It’s the bodega of the future — today!

It’s the bodega of the future — today!
The Brooklyn Paper / Allyse Pulliam

A Greenpoint restaurateur is having a go at reinventing the city’s most ubiquitous culinary standby — the corner bodega.

Cody Utzman, a former chef at Brooklyn Label and the man behind the popular Manhattan Avenue eatery Papacitos, showed The Brooklyn Paper his soon-to-open hybrid grocery that will merge bodega-style convenience with gourmet-quality goods.

“Bodegas are things that are so close to Brooklyn’s heart — they are places where Brooklynites go two or three times a day for soda, cigarettes, tampons, or an egg sandwich,” said Utzman. “We’re going to have all of that stuff, but our spin is that we’re going to be stocking local products, and everything will be made in-house.”

When the Brooklyn Standard Deli opens at the corner of Nassau Avenue and Jewel Street on April 1, the shelves of the 1,800-square-foot shop will be lined with bodega staples like toilet paper, chewing gum, and other odds and ends — as well as produce from New York growers, eggs and milk from an upstate farms, homemade bread, and prepared foods made in the shop’s kitchen.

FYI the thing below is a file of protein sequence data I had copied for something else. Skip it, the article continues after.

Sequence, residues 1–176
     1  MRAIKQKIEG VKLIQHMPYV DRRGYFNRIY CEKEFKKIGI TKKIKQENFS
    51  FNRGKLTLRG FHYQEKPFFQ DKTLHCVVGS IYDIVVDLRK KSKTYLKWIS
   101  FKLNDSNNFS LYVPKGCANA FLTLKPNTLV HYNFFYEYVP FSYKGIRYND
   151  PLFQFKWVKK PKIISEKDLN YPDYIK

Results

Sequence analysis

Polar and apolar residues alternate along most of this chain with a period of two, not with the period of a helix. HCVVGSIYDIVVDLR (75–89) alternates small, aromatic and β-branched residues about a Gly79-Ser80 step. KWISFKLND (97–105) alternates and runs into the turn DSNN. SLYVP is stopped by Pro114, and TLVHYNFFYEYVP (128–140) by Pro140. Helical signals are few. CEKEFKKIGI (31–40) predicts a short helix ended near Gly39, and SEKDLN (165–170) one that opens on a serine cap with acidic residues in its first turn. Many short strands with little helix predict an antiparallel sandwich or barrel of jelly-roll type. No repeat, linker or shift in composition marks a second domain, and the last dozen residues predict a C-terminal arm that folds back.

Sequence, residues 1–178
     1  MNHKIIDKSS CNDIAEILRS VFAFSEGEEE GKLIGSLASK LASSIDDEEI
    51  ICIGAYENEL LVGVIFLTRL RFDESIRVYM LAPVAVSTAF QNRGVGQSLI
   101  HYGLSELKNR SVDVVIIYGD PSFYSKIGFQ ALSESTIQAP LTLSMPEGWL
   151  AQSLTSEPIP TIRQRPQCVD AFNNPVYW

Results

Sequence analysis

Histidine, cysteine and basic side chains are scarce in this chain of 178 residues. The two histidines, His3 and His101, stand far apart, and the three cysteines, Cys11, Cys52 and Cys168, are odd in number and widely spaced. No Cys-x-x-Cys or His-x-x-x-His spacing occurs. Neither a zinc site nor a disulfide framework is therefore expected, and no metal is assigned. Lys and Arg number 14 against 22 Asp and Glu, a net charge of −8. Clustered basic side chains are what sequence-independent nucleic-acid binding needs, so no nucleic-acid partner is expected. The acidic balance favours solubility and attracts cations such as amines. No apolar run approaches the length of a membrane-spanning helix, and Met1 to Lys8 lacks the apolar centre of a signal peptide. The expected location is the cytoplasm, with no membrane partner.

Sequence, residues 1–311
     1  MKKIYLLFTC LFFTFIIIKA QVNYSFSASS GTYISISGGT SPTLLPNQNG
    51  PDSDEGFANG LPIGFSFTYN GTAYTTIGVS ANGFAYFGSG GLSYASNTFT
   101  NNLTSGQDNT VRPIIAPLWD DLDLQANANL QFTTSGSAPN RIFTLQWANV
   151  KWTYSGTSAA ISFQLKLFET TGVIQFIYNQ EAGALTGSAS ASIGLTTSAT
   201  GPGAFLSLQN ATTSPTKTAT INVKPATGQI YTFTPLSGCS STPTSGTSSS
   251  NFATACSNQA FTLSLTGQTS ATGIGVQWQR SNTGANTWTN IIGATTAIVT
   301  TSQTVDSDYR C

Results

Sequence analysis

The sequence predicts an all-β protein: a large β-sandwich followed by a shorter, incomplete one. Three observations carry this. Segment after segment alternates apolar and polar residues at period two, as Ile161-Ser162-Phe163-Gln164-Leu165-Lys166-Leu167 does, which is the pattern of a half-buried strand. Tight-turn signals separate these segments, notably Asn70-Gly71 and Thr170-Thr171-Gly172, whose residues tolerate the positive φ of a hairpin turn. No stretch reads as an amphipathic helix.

“A lot of these organic products are only available in nice restaurants or upscale groceries, but I want to bring these products down to a more pedestrian level,” said Utzman. “The prices of these things usually exclude a whole class of people who can’t afford to use them, but by preparing everything in house, we can charge a lot less.”

For example, Utzman says he’ll sell an eight-ounce container of organic hummus for $2.50 — half of what other “organic” markets charge.

Utzman’s bodega will boast gourmet deli meats, a self-serve salad bar, java from Stumptown Coffee’s new Red Hook roasting plant, and a kitchen that churns out hot foods like pizza and macaroni and cheese.

But will it work? After all, the beauty of the corner bodega is the lower prices that come from offering non-gourmet goods. An old-school bodega worker suggested that Utzman would only succeed if his customers are prepared to pay more for the fancier foods.

“It’s supply and demand,” said Vernice Reyes, who works at the Kaffe Deli on Remsen Street in Downtown, where the most high-end item is a bag of chips labeled “gourmet.”

“People want gourmet products, they just don’t want to pay for it,” she said.

The Brooklyn Standard Deli [188 Nassau Ave. at Jewel Street in Greenpoint, (718) 472-2150] opens on April 1.